A number of middle school faculty have been exploring Project Zero visible thinking routines with students, and this week in the library, we’ve been using the See, Think, Wonder routine with both 5th and 8th grade students, with inspiring results.
Ms. Moss’s 8th grade English students will soon read Harper Lee’s To Kill a Mockingbird, and as part of their preparation, they are analyzing images from the 1920s and 1930s–photographs related to segregation and Jim Crow laws, rural life in Alabama, the Great Depression, and the Ku Klux Klan. Each student spends time with a single photograph, using the See, Think, Wonder routine (what do you see? what are your thoughts? what questions do you have?) to analyze the picture and come up with questions about it. Then we move to small group discussions around the major topic areas, and then end with a full class discussion about the state of the United States at the time when Harper Lee was writing the novel. These are tough conversations about uncomfortable topics. Starting with a single image, and then exploring how their peers’ images relate to their own, gives the students an entry point into a complicated period of history.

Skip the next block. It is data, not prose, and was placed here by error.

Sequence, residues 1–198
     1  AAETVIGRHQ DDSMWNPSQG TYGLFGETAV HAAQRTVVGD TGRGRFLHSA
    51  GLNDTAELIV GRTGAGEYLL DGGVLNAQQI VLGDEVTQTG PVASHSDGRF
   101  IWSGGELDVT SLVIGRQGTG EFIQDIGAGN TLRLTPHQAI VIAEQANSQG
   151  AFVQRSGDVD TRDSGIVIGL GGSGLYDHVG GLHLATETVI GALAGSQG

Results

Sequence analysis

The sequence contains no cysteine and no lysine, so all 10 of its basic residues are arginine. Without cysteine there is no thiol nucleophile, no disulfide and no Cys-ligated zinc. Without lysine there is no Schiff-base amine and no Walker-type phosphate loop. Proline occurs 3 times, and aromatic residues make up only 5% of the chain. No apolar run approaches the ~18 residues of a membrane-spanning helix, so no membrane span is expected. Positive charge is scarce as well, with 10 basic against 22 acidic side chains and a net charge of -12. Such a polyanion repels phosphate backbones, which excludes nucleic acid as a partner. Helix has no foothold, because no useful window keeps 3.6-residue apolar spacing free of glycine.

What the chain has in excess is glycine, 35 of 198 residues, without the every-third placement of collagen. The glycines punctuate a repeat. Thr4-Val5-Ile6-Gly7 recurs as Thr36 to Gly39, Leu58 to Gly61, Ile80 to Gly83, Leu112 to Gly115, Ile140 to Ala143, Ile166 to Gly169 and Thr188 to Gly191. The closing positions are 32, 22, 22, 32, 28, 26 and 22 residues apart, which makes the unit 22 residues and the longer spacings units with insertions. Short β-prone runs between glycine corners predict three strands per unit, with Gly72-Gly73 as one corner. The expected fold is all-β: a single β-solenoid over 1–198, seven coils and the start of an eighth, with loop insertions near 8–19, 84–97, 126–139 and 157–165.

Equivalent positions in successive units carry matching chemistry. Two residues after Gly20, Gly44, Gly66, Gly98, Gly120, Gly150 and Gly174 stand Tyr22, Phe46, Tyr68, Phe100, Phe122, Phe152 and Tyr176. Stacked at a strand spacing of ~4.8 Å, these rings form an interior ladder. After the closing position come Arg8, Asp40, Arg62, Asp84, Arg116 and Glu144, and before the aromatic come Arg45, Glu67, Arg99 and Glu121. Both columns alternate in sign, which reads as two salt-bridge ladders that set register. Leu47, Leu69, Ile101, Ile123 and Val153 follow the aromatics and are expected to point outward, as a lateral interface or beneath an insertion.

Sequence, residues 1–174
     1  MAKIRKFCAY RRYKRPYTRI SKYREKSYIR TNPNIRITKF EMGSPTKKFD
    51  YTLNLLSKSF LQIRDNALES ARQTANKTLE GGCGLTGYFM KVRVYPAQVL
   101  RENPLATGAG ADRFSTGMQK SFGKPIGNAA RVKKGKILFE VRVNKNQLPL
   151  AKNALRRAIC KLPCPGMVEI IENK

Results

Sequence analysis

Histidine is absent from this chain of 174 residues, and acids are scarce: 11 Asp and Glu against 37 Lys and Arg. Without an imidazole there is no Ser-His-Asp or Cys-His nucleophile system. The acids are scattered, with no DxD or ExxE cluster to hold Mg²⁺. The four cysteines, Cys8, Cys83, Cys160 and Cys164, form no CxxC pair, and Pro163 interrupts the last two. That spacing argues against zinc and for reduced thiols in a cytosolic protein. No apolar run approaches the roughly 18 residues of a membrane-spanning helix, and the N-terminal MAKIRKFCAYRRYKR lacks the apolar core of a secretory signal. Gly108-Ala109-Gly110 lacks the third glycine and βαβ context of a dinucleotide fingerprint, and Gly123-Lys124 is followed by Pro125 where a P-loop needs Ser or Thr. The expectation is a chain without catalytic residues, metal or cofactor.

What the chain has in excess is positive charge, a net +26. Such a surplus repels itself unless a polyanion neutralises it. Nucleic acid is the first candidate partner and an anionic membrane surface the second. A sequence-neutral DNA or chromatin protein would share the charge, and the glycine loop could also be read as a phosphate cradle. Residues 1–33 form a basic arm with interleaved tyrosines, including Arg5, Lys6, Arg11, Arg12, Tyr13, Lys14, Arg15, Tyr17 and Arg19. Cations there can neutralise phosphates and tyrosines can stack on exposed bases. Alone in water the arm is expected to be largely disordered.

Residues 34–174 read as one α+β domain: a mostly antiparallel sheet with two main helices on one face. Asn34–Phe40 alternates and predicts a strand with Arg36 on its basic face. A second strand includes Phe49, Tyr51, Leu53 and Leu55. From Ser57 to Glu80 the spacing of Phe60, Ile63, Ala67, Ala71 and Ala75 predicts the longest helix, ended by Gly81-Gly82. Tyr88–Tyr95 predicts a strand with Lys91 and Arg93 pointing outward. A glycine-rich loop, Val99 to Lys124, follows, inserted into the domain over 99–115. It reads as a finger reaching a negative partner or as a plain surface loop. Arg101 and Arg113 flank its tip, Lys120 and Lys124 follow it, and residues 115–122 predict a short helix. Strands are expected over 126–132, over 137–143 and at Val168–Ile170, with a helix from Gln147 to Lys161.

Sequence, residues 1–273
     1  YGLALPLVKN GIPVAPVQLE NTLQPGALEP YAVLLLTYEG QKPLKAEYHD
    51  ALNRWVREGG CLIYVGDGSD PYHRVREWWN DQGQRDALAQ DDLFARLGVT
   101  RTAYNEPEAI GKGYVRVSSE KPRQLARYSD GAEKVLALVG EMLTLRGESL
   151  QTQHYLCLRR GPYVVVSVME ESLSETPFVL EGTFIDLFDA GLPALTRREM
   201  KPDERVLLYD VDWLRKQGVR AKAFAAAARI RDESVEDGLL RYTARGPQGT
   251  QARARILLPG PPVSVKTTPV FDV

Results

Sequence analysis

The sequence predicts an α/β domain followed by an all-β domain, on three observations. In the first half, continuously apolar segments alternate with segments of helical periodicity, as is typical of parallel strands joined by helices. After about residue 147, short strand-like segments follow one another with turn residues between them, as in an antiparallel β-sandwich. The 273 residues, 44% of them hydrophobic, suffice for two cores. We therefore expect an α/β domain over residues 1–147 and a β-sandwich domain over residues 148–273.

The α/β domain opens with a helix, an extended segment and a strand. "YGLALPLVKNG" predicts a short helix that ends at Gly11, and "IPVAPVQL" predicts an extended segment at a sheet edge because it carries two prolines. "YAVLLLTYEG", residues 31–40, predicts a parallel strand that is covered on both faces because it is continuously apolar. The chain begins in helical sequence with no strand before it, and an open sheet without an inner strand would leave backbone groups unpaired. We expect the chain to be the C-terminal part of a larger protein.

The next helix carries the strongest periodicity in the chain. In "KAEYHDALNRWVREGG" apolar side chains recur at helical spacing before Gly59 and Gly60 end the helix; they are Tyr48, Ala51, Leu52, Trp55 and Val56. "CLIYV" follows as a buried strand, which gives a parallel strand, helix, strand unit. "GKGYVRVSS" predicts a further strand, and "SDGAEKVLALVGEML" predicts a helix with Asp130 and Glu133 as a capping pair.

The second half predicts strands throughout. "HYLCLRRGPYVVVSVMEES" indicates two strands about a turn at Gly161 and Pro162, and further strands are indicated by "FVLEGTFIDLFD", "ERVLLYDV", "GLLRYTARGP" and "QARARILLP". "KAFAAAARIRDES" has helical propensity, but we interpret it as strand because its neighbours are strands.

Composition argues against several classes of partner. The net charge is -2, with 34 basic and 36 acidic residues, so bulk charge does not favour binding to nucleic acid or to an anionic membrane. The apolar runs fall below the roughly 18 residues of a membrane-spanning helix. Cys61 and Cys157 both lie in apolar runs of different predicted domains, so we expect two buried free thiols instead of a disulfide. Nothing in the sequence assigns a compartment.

5th grade students are also using See, Think, Wonder in responding to images of children visiting their parents in prison. Nora Raleigh Baskin’s new novel Ruby on the Outside explores the challenges faced by Ruby, a young girl whose mother is in prison. Ruby loves her mother and relishes the time she is able to spend with her on visits, but also struggles to understand the reasons behind the incarceration and fears the impact of having her classmates know the truth. To introduce students to the situation behind the novel, we look together at several photographs of children visiting their mothers, without telling the students the situation. Like the characters in the novel, the photographs show connection, sadness, anticipation, and love.
See, Think, Wonder is a wonderful way to give students a chance to view and think critically about what they see, and photographs in particular help students to connect with experiences and perspectives that might be very different from their own. We look forward to using this routine more in the future!